This section is from the book "A Treatise On Architecture And Building Construction Vol4: Plumbing And Gas-Fitting, Heating And Ventilation, Painting And Decorating, Estimating And Calculating Quantities", by The Colliery Engineer Co. Also available from Amazon: A Treatise On Architecture And Building Construction.
232. A hot-air furnace should be set at the lowest practicable level, so that even the longest horizontal hot-air pipe may be given a sufficient upward inclination to make it operate well. In some cases the ceiling of the basement is so low that it is necessary to set the furnace in a pit. The extreme top of the furnace casing should never be less than 18 inches below the ceiling or floorbeams, and should be as much more as possible.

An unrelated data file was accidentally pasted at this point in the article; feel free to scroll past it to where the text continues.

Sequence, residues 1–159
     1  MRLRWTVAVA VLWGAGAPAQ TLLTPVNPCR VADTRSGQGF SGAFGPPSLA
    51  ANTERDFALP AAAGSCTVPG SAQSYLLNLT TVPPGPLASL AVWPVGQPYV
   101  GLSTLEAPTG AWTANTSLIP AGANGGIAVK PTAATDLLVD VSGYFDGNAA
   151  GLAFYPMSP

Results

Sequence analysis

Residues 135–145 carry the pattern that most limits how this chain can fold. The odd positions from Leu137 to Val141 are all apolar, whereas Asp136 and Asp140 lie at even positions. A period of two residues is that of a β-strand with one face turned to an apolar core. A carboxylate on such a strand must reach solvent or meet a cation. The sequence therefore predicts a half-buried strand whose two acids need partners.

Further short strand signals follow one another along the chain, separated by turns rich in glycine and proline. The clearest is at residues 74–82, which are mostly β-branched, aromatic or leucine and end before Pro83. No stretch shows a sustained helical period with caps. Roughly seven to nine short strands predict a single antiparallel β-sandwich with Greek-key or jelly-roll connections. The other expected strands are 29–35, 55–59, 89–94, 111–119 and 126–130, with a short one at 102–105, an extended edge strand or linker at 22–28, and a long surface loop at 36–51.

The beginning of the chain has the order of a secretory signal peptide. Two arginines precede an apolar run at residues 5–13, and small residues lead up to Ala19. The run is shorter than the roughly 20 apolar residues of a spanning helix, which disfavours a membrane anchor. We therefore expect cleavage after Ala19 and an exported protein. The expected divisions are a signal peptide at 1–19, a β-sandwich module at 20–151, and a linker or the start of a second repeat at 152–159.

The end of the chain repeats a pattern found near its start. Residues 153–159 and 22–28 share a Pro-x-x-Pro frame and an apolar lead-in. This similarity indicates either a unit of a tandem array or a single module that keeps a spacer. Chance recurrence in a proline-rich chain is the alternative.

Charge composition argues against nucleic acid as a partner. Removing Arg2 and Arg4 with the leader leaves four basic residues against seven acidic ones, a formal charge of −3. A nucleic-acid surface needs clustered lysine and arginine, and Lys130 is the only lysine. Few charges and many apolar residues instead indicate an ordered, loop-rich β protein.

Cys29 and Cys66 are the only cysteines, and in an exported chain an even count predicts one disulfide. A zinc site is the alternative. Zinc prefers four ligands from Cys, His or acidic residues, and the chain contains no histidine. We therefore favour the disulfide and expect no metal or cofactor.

The side walls of the pit should be 8 inches thick if made of brick, and 12 inches or more if made of stone. The bottom should be covered with one course of brick on edge, or with concrete at least 4 inches deep, or, better still, with flagstones.